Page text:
Analysis: Economists skeptical on IMF's rosy assessment of Iran

Aug 10, 2011, 3:53 a.m.
Governor of the Central Bank of Iran Mahmoud Bahmani speaks with journalists during a news conference in Tehran August 8, 2010. REUTERS/Raheb Homavandi

Iran has told the IMF that it expects the subsidy cuts to cause inflation to spike to 22 percent and fall back to 7 percent "over the medium term." The IMF says inflation will rise to 22.5 percent this year, from 12.4 in the Iranian year 2010/11 and fall back to 12 percent in 2012-13.

"I agree that rampant inflation is a serious risk. It will undo the subsidy reform and much more," Djavad Salehi-Isfahani, an economics professor at Virginia Tech in the United States, told Reuters. But he added: "It is not a serious risk at this time because the government seems to understand it needs to lower inflationary expectations."

Patrick Clawson, head of the Iran Security Initiative at U.S. think-tank the Washington Institute for Near East Policy, also said Tehran was acutely aware of the inflation risk and would make great efforts to keep it down, but with policies that would suffocate chances of economic growth.

"If oil prices remain high, then it will be quite possible to keep flooding the country with foreign goods which will be a powerful check on inflation in the prices of goods, but that will come at the expense of making Iranian products less competitive and therefore throwing people out of work," Clawson told Reuters.

"My reading of the present government's policies is that it is not particularly concerned about the productive economy, so perhaps it will actually bring inflation down."


Ahmadinejad's economic surgery came just as the United States and the European Union were tightening sanctions on Iran over its nuclear program.

Tehran has consistently said the sanctions are having no impact, but they have deterred Western investment in Iran's vital oil and gas fields and financial restrictions have caused problems for Iran to receive billion of dollars for its oil exports to major customers India and South Korea.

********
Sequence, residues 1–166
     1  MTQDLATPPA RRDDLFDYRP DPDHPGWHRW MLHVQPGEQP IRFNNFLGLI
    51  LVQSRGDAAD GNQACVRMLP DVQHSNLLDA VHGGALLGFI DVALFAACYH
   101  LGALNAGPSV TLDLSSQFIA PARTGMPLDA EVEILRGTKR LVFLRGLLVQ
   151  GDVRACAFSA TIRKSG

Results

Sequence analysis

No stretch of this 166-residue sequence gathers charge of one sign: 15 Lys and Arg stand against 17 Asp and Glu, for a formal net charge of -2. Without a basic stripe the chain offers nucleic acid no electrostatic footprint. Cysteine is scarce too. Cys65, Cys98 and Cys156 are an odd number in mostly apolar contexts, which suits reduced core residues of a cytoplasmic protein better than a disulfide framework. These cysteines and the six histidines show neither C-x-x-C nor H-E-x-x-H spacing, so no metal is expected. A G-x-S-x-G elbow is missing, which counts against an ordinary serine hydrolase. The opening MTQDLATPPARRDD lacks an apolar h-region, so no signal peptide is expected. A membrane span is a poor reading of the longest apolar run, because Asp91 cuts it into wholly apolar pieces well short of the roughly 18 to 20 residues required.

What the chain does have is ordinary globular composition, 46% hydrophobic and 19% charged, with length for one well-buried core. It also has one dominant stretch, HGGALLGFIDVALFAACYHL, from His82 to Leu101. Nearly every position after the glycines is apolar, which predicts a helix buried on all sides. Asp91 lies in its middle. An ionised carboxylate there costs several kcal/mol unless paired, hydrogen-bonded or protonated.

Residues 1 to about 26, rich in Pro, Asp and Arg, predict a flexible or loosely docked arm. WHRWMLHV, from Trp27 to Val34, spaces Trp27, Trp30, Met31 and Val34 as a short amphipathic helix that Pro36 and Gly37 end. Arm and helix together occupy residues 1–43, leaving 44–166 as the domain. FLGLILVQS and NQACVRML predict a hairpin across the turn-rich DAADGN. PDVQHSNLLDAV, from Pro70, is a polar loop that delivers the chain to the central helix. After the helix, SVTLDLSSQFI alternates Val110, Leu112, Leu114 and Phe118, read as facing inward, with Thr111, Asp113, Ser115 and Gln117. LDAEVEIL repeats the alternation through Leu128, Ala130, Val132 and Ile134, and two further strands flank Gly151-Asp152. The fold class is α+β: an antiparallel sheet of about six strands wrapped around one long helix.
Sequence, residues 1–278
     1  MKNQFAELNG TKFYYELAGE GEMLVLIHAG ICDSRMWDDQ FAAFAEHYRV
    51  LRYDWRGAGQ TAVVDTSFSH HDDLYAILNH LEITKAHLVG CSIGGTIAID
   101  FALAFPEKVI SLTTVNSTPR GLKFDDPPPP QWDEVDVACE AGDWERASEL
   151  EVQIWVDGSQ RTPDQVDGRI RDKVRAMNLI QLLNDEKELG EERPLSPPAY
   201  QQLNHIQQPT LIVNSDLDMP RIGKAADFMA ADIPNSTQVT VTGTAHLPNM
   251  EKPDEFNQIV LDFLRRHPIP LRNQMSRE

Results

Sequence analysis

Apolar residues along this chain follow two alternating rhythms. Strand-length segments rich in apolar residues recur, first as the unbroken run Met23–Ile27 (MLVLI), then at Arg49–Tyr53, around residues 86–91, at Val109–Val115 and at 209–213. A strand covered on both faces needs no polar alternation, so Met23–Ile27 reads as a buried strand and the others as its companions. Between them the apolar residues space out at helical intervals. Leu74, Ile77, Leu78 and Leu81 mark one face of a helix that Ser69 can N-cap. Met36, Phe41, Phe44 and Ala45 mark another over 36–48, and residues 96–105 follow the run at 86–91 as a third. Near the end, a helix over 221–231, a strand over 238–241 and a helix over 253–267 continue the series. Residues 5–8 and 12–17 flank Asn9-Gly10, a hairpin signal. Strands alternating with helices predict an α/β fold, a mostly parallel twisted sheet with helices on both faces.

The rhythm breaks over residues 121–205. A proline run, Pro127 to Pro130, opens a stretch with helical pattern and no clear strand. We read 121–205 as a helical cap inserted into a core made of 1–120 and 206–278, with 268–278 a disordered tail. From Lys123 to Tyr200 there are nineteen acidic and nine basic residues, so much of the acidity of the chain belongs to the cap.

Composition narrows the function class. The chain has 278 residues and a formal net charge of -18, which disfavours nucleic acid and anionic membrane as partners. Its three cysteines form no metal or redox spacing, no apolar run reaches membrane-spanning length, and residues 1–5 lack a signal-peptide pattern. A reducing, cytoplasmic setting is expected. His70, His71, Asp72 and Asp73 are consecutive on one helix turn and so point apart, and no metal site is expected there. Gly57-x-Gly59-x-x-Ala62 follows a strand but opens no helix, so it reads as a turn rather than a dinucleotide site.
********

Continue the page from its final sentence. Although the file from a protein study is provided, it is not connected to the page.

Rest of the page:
The IMF noted: "New international sanctions in 2010 have in practice increased the cost of doing business, limited FDI and technology transfer, and have affected international trade and financial transactions."

In his comments at the end of the IMF staff report, Iran's IMF Executive Director Jafar Mojarrad showed just how serious Tehran was taking the sanctions threat.

"Should these restrictions remain in place, Iran would have no choice but to cut oil and gas supplies to the interested parties, with possible spillovers to the energy markets," he wrote.

Salehi-Isfahani said sanctions were only partly to blame for Iran's economic ills.

"Sanctions have become a big part of the problem, but in the past government's own policies were a bigger problem. Iran's competitiveness has been seriously hurt by higher domestic inflation relative to the rest of the world. And now, (by) energy price increases."

The IMF said the subsidy reforms would slow economic growth, to 2.5 percent this year, from 3.2 percent in 2010/11. But it said the cash handouts would help to keep the economy moving and that growth would rise steadily to 4.5 percent by 2014/15. Iran is sticking with its target of 8 percent annual growth during the five-year period 2010-15.

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